After sending out numerous applications and getting nowhere, I decided to take matters into my own hands and left my post at Fort William in search of some army that would have me. It seemed that each place was either rejecting Bengalis, or was no longer recruiting. If they would not acknowledge me in writing, I was determined to travel in person to each and every cantonment across India until I was admitted.

My ambitions, however, were once again cut short. As luck would have it, one of my relatives caught wind of my plans and set out in search of me. I was intercepted midway through my travels and admonished harshly, being told that it was outrageous for me to abandon my schooling with fanciful thoughts of joining the army. In great frustration, I was forced to put my plans on hold for the time being while he transported me back to my home in Chandannagar.

I returned to the school that I had once abandoned in pursuit of my dreams, and there I wasted away my time sitting idly by while my mind was consumed with thoughts of the struggle for freedom that was being bravely fought at that very moment.

I stayed on for some time and graduated to the following grade, but even then I was not able to concentrate on my studies. Constantly assailed with heroic imaginings of raising a powerful and fearless army that would launch the revolution, I decided to pay a visit to my father and convince him to let me pursue my dreams of becoming a soldier.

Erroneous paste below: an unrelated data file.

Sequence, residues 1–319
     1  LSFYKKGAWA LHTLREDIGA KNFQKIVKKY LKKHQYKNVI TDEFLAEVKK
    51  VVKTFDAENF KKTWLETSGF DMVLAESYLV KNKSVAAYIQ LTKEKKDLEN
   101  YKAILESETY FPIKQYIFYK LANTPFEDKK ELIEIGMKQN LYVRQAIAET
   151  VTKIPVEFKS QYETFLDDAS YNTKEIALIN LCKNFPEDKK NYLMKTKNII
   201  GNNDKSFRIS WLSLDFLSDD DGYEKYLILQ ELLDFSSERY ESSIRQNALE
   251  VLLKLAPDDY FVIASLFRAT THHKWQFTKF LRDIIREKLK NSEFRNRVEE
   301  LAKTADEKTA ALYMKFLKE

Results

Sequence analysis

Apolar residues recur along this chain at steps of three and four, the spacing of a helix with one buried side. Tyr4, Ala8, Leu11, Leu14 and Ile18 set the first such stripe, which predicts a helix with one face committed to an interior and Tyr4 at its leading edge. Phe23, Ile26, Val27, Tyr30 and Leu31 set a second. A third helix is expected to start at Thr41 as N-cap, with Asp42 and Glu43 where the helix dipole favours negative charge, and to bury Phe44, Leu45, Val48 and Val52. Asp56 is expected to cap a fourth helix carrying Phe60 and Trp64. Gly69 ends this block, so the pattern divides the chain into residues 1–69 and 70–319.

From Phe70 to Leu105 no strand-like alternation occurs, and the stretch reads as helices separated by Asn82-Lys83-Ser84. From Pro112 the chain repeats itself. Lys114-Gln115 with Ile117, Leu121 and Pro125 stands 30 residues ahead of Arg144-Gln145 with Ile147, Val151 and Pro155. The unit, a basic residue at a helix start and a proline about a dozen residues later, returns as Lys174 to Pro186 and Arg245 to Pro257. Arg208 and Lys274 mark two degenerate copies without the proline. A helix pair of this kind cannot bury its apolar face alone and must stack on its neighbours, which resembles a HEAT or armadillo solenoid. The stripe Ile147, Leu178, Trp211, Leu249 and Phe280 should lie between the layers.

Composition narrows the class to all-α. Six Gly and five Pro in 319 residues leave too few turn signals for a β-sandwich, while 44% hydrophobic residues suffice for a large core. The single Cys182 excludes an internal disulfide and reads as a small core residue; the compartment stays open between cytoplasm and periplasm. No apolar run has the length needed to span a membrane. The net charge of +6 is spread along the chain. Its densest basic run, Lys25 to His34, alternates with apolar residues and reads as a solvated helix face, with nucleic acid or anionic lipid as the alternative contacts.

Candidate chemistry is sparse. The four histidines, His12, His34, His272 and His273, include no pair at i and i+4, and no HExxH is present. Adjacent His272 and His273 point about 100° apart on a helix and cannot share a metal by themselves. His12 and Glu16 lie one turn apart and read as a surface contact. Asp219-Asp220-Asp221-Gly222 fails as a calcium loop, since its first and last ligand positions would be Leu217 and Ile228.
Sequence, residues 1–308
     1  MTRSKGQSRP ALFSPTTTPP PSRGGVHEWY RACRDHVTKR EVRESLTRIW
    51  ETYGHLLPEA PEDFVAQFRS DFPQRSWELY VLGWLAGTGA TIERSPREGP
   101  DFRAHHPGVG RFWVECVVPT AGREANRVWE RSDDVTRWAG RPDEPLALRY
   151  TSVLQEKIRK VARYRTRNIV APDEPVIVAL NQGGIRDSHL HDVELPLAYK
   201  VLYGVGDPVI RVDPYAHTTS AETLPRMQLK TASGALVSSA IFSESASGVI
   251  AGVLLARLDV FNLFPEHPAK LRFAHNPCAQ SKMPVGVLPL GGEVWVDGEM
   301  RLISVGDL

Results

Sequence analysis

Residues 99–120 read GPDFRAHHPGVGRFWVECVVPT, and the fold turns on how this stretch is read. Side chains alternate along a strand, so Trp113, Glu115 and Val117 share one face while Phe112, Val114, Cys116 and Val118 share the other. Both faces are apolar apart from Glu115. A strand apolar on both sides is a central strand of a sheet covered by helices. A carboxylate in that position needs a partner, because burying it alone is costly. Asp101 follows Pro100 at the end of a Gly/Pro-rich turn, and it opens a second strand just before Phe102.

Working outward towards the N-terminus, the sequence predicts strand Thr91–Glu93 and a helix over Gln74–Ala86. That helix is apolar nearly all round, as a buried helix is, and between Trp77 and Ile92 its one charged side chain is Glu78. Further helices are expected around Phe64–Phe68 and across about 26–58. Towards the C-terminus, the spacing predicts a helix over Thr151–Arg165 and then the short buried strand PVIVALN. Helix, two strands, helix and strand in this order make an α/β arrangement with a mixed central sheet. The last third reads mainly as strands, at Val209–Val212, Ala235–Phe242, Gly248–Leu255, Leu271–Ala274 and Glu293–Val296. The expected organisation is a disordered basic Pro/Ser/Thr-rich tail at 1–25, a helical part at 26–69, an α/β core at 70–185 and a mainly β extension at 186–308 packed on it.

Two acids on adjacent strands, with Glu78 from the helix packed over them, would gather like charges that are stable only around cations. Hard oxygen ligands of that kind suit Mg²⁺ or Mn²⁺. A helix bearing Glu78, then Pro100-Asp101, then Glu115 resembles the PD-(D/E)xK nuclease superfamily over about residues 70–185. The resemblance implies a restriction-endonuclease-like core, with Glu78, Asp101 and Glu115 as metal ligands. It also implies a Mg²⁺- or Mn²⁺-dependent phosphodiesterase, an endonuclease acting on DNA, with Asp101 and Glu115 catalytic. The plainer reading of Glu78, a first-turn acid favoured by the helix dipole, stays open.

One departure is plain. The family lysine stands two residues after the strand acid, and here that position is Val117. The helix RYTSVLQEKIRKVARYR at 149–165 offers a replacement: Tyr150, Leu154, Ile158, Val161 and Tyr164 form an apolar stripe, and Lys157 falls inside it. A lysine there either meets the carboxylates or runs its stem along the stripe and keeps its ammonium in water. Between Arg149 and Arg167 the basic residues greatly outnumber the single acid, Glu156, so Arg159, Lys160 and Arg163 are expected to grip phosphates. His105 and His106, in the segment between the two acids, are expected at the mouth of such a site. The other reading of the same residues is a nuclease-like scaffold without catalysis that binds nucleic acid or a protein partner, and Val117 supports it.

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INA, The Early Years, The Indian Struggle for Independence, The Youth Who Crave Revolution

The Youth Who Crave Revolution, Part 2 – Rejected by the Army

I waited on the edge of my seat, anxious to hear back about my application to the army, but when the reply finally came, I was met with rejection. In the envelope, there was only a brief note informing me that they would not be accepting applications from Bengalis at the present time. I considered this no more than a minor obstacle, however, and brushed it aside determined not to let it deter me from my goal.

With my heart set on dedicating myself to the independence effort at all costs, I immediately changed my approach. If Fort William would not accept me, I would apply to the French forces at Pondicherry.

Knowing that if I simply mailed in another letter I would be forced to sit around agonizingly waiting for their reply, I instead traveled to Pondicherry to request admittance in person.